This mother is just a shell of a person, like most narcissists. I bet Dr. Phil wanted to wring her neck. I wanted to say, “Repeat after me…It’s clear I screwed up and I’m terribly sorry.” I had to apologize to my own kids SO many times.
In Beauty for Ashes Part I, I promised you a visual example of God’s ability to make something spectacular out of lowly ashes. As I mentioned in my post, it’s fairly close to home. Mt. Mazama, tucked into the Cascade Range in Oregon, is even more beautiful as a crater than she must have been 6,000 years ago as a mountain.
Isn’t it amazing how God can take a barren wreck and turn it into a work of art?
WHY did you walk into Umpqua Community College in Roseburg, Oregon, and shoot all those innocent people? Did you simply want infamy, your five minutes of fame? National attention? Well, you got it. How does it feel over there on the other side?
WHAT demonic obsession made you decide that a shoot-out was the only way to get people to notice you?
Didn’t you realize there are many other non-destructive ways to get attention? You could’ve helped out at the local homeless shelter. That would’ve gotten you some kudos. Or you could’ve been a mentor, a big brother, to a needy kid.
Guess what? You’re not a hero. The other Chris — Chris Mintz, the guy who tackled you, will live on in the American psyche as the true hero. He’s going to survive, and he’s going to thrive. But the poor students you killed…c’mon, a nineteen-year-old? Again I ask, WHAT were you thinking?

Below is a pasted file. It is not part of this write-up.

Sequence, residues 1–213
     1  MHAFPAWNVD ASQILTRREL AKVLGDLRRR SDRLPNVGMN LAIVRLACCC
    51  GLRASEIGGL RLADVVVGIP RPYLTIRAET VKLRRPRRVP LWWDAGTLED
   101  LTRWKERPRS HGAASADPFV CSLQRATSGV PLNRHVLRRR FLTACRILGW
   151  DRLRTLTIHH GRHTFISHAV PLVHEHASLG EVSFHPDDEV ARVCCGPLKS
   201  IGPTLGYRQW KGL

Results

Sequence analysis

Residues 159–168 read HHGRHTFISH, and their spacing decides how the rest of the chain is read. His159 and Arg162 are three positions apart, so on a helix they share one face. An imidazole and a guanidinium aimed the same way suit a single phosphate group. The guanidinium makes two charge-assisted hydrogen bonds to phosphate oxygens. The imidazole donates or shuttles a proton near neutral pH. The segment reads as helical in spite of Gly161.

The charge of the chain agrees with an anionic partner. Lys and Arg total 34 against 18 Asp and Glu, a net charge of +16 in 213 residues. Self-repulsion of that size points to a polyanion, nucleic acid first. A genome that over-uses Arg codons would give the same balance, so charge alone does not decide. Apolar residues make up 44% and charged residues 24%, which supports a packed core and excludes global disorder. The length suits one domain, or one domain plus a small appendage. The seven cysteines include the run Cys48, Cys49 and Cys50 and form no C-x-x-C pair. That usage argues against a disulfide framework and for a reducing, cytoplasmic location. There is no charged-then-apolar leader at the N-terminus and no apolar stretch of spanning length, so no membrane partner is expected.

I want you to know I’m currently writing my second novel in my Hot Topic Fiction series, and it’s about YOU. More specifically, a family who is victimized by a YOU. I’m blown away by your timing. HOW did you know I was already telling the world about you in my fiction?
But most of all…what’s going through your mind RIGHT NOW?
I love Cats The Musical. Picture a tribe of human-sized cats slinking around dark alleys under the moonlight, discussing deep subjects like happiness and the meaning of life. Then Grizabella leaps onto the scene, singing that heart-tugging number we’ve heard a million times on the radio, TV, and in karaoke bars, Memory– the anthem of single mothers everywhere.
All alone in the moonlight
I can smile at the old days
I was beautiful then
A time I knew what happiness was
Let the memory live again
~~Written by Trevor Nunn
Poignant, bittersweet. Celebration of a former life, Mourning over loss. The song turns dark, depressing, finally ending on a note of hope:
Look, a new day has begun.
But sometimes, during the dark days, before the new day dawns, we can barely make it through the now. And what about our kids? They suffer the most when a parent leaves. As I mentioned in a previous post, my divorce took its toll on my kids in numerous ways. If the divorce hadn’t happened, would they have been drawn to more respectable friends, instead of judging potential companions by their “cool” factor? Would my under-achieving son have lived up to his potential?
Sad to say, we’ll never know the answer to these questions until we get to heaven. In the meantime, I found the ministry Focus on the Family a wonderful source for solo mamas. The attached article tells how we can let God heal broken hearts…not only ours, but our kids most of all.